1/64 endmill in brass


(Duane Ballard) #1

Hello, I’m trying to machine some brass stamps. I have been having no problem until I needed a 1/64 square end mill. I’m breaking them like they are free. I even bought g-wizard to see if that would help. On that attempt this morning it broke about five seconds in. So I cut the values in half to see what would happen with my last one. Made it about a minute and done. Is this possible? In g-wizard it doesn’t like the 10000 rpm limit but says it should work. Thanks, Duane


(Joseph Hinton) #2

What are your feeds and speeds?


(William Adams) #3

To add to @JosephSeth’s question…

Which brass alloy? 353 is easiest, 260 work hardens and is quite difficult.

Endmill geometry?

What toolpath settings in which CAD/CAM tool?


(MachineHeadLabs) #4

@WillAdams @JosephSeth @Duane How many flutes? I ask because at that level of micro tooling, there is little room for chip evacuation. Also, halving the diameter of an endmill reduces stiffness by a factor of roughly 7. You use GWizard. CNCCookbook has a nice article on their blog this week about optimizing tool paths to reduce stress on tooling in corners etc. I find his blog most useful. Jerry

Jerr


(Jonathan K) #5

As someone who’s been doing some micro-engraving, a potato-quality proof-pic and then a few thoughts:

First, specific tips regarding not breaking tiny tools:

You need to cut with the correct chip-load on the cutter for the sake of longevity, rather than maximum material removal rates, within the limitations of the Nomad/Shapeoko, so you have to set your feeds & speeds based on the diameter of the tool, and the number of flutes.

The guidelines for this are:

Feedrate:
Start with feed-per-tooth values of tool diameter x 0.005, so on a 1/64th tool that’s ~0.00008in, rounding up. That means at 10krpm your feedrate is: 0.00008 x 10,000 (spindle speed) x 2 (flute count) = 1.6 IPM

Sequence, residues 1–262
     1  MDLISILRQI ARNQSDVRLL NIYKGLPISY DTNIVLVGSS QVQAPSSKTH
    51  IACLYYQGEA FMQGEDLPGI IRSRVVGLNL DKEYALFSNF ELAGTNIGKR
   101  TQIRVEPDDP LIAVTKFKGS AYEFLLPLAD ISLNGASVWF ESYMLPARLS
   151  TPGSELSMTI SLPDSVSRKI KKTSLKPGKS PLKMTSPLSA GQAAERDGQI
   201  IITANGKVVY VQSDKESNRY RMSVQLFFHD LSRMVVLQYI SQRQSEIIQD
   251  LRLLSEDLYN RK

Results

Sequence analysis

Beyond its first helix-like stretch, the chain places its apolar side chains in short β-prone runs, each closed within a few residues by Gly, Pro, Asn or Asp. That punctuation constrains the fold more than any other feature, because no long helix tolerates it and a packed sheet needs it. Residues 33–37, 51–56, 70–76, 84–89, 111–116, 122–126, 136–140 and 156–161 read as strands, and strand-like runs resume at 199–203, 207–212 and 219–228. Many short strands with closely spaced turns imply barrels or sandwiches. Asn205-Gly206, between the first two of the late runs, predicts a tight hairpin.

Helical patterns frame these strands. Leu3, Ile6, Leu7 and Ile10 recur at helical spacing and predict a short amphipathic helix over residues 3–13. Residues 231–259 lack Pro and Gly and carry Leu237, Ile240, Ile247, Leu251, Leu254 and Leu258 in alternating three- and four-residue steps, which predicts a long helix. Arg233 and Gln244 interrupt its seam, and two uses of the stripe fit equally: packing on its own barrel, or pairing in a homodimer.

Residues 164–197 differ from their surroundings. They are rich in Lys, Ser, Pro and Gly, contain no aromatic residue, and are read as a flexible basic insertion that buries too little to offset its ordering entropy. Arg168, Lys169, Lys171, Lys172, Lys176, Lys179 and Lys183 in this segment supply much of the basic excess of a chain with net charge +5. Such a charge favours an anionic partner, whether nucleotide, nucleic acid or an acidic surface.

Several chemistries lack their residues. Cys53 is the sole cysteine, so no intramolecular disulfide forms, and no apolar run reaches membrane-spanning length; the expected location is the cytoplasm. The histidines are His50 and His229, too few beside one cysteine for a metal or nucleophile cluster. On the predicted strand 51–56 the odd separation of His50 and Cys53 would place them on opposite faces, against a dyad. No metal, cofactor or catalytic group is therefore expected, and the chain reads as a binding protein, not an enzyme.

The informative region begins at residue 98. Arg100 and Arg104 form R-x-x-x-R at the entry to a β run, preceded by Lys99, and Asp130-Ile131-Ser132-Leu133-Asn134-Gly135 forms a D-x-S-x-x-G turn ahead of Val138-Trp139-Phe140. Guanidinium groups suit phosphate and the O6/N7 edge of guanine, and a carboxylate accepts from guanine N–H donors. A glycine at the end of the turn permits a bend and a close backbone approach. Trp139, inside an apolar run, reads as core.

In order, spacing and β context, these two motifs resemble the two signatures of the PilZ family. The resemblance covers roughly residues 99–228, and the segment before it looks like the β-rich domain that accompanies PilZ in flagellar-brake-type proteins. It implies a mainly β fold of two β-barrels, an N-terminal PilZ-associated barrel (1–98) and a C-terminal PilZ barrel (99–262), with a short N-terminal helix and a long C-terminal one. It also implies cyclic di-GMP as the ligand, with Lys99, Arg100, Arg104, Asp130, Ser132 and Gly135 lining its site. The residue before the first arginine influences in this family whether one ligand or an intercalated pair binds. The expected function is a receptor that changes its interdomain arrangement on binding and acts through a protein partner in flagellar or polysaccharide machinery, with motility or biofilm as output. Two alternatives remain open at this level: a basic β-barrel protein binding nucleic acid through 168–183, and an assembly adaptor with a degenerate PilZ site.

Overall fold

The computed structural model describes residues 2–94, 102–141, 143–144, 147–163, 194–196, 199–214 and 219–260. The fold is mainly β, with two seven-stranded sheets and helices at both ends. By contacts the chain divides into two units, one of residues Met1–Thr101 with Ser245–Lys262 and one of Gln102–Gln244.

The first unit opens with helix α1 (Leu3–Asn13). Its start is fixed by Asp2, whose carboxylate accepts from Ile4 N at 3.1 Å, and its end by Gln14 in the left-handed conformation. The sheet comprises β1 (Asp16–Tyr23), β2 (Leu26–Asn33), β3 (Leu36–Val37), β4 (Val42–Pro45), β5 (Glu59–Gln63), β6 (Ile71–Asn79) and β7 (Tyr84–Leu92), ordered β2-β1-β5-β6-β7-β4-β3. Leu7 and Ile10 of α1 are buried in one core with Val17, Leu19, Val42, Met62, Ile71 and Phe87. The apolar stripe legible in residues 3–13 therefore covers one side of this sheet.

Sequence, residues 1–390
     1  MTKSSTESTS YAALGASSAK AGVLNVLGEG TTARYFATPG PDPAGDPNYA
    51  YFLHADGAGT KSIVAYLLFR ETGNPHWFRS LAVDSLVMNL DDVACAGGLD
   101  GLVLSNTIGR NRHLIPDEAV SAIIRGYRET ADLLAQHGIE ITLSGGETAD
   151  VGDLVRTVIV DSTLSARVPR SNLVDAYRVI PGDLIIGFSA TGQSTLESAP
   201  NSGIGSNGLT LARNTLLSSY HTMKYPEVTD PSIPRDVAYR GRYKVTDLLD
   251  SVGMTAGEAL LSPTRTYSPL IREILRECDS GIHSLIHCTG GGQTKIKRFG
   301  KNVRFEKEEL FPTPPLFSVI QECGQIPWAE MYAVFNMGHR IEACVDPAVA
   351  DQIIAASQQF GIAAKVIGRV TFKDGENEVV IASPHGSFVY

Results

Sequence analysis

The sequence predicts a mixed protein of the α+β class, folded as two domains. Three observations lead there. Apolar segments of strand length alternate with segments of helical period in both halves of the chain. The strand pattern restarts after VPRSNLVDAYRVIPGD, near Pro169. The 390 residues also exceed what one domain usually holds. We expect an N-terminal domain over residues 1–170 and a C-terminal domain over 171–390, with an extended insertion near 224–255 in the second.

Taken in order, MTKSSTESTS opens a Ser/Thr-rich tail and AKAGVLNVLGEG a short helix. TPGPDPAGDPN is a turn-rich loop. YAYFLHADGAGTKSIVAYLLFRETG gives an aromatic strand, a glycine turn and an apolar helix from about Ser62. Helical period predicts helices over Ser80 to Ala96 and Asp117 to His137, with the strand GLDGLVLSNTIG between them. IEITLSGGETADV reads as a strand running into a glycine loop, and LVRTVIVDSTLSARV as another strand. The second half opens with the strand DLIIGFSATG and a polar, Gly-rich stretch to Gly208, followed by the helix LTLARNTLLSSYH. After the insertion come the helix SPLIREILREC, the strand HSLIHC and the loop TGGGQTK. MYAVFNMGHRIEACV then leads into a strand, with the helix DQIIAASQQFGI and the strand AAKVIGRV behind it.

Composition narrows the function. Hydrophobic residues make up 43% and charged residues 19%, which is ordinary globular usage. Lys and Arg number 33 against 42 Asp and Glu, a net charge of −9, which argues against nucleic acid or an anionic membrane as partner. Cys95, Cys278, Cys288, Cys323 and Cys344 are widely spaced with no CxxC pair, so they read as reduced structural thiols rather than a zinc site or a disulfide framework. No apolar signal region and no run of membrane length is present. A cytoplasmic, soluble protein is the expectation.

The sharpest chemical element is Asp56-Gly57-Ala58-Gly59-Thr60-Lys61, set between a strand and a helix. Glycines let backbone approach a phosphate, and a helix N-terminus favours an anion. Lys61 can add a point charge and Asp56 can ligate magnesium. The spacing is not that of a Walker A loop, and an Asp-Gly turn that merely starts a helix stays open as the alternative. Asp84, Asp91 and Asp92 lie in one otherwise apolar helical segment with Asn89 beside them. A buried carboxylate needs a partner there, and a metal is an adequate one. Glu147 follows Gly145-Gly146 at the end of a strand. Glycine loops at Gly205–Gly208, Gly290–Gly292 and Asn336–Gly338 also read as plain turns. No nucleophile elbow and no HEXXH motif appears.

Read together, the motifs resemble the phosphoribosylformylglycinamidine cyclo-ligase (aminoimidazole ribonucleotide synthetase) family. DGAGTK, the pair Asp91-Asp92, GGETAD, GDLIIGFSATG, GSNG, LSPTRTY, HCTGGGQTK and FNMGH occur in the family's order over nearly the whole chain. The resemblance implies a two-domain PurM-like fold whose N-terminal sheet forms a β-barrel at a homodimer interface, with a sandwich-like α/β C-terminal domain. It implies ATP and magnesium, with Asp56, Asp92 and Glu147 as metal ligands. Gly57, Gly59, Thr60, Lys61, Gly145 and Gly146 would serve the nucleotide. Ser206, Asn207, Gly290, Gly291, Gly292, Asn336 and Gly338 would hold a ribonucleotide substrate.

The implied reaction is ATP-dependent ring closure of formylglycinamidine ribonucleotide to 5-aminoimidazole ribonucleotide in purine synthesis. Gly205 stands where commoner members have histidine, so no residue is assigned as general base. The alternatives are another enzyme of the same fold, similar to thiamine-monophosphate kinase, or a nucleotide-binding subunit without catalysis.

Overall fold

Yes, I know that seems silly slow. So only use the teeny weeny tool where you absolutely need to.

If you’re feeling ballsy, you could increase your multiplier to 0.8% instead of 0.5% of tool diameter, and in ideal milling conditions I’ve seen recommendations going as high as 2% for aluminum, so test at your own discretion.

Depth of cut on tiny tools should be no more than 100% of the diameter of the tool when adaptive cutting, and 50% when slotting at the given above calculated feed-rate.

If you want to cut things faster, you’re going to need a higher-speed spindle. If wishes were spindles, I’d have an NSK 3060 series with quick-change tool-holders that can run at 60krpm…

Now general suggestions:

  1. Use Fusion360 & the integrated cam and use adaptive clearing path strategies as much as possible. You really want to be careful not to put too much lateral force on the tool (because snap). If you do this and have lateral engagement of 30-40% of tool diameter you’ll be prolonging tool-life. Pay attention to chip-thinning though—if you use a lesser step-over, you can increase your feed per tooth to keep chip size consistent. Harvey Tool has a good blog post about chip thinning worth a read.